Similac Salmonella Poisoning Lawsuit Filed Over Infant Son’s Illness from Contaminated Formula

Reports of Similac salmonella poisoning led to a massive recall earlier this year, leading to lawsuits against Abbott for distributing contaminated infant formula

A Florida mother has filed a food poisoning lawsuit over salmonella contaminated Similac formula, claiming that Abbott Laboratories knowingly sold tainted products to the public, which caused to her infant son to be hospitalized with severe illness.

The complaint (PDF) was brought on August 22 by Jordyn O’Brien on behalf of herself and her infant son, identified only as H.O. in the lawsuit, in the U.S. District Court for the Southern District of Florida.

According to allegations raised in the Similac salmonella poisoning lawsuit, the child consumed contaminated formula that was recalled by Abbott earlier this year, months after first concerns about bacteria were identified.

Abbott recalled cans of Similac, Alimentum and Elecare in February 2022, indicating that the infant formula may be contaminated with Salmonella Newport and Cronobacter sakazakii bacteria. However, within days of the recall, reports began to surface that the company knew about the infant formula contamination problems at its facility since at least September 2021, when the Minnesota Department of Health began investigating a case involving an infected infant.

Hundreds of families have now come forward to pursue Similac food poisoning lawsuits, indicating that infants developed salmonella and other severe gastrointestinal illnesses after consuming the recalled formula, including at least two infant deaths.

Similac Salmonella Poisoning Lawsuits

Was your child hospitalized due to Salmonella or another infection after being fed contaminated Similac, Alimentum or Elecare formula?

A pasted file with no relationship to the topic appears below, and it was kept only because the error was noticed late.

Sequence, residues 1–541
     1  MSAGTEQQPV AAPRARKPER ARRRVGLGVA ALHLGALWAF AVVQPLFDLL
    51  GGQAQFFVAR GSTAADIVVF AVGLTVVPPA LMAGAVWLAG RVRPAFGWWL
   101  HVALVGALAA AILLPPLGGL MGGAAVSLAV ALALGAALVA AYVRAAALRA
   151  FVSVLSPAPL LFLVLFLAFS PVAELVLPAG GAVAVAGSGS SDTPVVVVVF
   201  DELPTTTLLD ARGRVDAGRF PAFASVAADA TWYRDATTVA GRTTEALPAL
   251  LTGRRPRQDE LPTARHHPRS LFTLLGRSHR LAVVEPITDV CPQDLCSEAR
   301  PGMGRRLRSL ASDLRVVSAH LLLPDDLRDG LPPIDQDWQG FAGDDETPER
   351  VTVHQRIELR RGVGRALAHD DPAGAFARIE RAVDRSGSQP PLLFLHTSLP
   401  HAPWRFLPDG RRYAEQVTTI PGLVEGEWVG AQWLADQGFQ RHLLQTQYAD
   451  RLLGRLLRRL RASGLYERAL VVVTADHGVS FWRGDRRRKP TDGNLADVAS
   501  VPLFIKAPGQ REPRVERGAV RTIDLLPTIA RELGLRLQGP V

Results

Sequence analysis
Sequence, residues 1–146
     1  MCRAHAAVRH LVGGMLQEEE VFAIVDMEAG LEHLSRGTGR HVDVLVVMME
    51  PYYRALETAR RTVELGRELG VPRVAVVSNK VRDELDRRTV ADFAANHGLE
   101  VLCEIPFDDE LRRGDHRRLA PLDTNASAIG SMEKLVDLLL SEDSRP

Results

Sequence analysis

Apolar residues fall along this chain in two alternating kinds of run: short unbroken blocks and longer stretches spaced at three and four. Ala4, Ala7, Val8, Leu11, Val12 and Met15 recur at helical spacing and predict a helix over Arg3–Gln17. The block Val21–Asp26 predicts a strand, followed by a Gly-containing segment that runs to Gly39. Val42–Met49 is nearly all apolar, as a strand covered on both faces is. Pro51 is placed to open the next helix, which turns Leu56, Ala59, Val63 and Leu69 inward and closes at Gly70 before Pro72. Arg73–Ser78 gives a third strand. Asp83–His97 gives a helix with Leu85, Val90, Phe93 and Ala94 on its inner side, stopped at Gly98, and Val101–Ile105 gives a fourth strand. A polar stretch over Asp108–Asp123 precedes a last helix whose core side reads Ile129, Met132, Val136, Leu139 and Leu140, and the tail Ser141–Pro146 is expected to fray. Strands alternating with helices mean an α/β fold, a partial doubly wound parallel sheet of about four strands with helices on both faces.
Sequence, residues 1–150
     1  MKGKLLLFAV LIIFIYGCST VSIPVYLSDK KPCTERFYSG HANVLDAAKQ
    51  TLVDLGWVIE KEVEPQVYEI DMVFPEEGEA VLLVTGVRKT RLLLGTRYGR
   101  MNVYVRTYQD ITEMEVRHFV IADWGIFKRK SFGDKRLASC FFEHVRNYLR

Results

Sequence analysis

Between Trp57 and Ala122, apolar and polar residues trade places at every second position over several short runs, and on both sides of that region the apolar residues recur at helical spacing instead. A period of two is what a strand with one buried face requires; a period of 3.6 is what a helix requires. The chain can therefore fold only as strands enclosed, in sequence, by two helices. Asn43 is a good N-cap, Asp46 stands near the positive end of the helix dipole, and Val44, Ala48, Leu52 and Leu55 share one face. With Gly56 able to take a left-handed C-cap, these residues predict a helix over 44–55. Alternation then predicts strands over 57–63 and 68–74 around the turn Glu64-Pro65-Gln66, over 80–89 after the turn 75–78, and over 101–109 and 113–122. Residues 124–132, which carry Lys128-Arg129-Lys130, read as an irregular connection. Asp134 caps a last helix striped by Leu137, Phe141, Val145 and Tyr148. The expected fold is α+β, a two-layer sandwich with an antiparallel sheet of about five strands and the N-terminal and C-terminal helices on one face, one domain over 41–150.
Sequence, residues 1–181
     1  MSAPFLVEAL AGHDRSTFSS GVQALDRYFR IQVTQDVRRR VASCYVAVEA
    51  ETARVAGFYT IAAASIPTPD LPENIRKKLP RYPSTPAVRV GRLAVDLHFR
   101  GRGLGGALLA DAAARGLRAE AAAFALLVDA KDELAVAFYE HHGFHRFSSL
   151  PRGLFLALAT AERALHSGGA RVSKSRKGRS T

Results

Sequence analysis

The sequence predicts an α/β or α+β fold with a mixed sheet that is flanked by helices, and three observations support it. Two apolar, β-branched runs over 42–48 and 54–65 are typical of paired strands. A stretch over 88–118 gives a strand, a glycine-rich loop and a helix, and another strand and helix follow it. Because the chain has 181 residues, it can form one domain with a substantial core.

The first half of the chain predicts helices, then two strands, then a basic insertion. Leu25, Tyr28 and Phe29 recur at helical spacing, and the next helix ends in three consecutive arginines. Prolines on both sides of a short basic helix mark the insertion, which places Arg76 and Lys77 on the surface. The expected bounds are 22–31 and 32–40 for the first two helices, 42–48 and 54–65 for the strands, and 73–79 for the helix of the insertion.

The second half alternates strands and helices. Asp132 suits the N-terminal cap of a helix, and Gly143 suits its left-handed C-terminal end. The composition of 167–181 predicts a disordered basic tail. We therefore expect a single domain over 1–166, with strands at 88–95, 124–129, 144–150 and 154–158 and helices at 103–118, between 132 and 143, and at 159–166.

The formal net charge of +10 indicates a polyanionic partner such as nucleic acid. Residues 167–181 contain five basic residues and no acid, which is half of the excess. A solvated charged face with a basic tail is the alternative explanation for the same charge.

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O’Brien’s lawsuit indicates she bought Similac 360 Total Care infant formula for her son in November 2021, and the baby then fell ill and was diagnosed with salmonella food poisoning. He was hospitalized and required 10 days of treatment, according to the complaint.

“Shortly after starting the tainted formula, Plaintiff’s infant suffered immediate and severe injury as a result of consuming the tainted product,” the lawsuit states. “Plaintiff’s infant child became irritable and displayed problems sleeping after consuming the tainted product necessitating medical intervention.”

Salmonella food poisoning can cause serious and sometimes fatal infections in young children and elderly people, or those with weakened immune systems. Symptoms of Salmonella infection include fever, diarrhea, nausea, vomiting, and abdominal pain.

In some cases, the bacteria can travel into the bloodstream and lead to more severe illness such as aneurysm, endocarditis, and arthritis. Generally healthy people recover from Salmonella infection in about seven to 10 days.

Similac NEC Litigation

The case joins a growing number of similar claims over contaminated Similac, alleging that Abbott’s Sturgis, Michigan manufacturing facility ignored industry safety standards and best practices, endangering infants for the sake of profit. However, the manufacturer already faces hundreds of Similac NEC lawsuits, involving premature infants who developed a devastating gastrointestinal illness caused by the cow’s milk-based infant formula products.

Necrotizing enterocolitis (NEC) is a devastating condition that primarily impacts premature babies, occurring when the walls of the intestines are invaded by bacteria, resulting in destruction of the bowel and often resulting in the need for emergency surgery while the infant is still in the hospital.

These baby formula NEC lawsuits allege Abbott placed its desire for profits before the health and safety of newborn babies, by failing to warn about the risks associated with using their formula among premature and low birth weight infants. Similar allegations have also been presented in Enfamil lawsuits filed against Mead Johnson, which sells similar cow’s milk-based infant formula products also linked to cases of NEC. However, Enfamil has not been linked to the same problems with Salmonella contamination that have plagued Similac.

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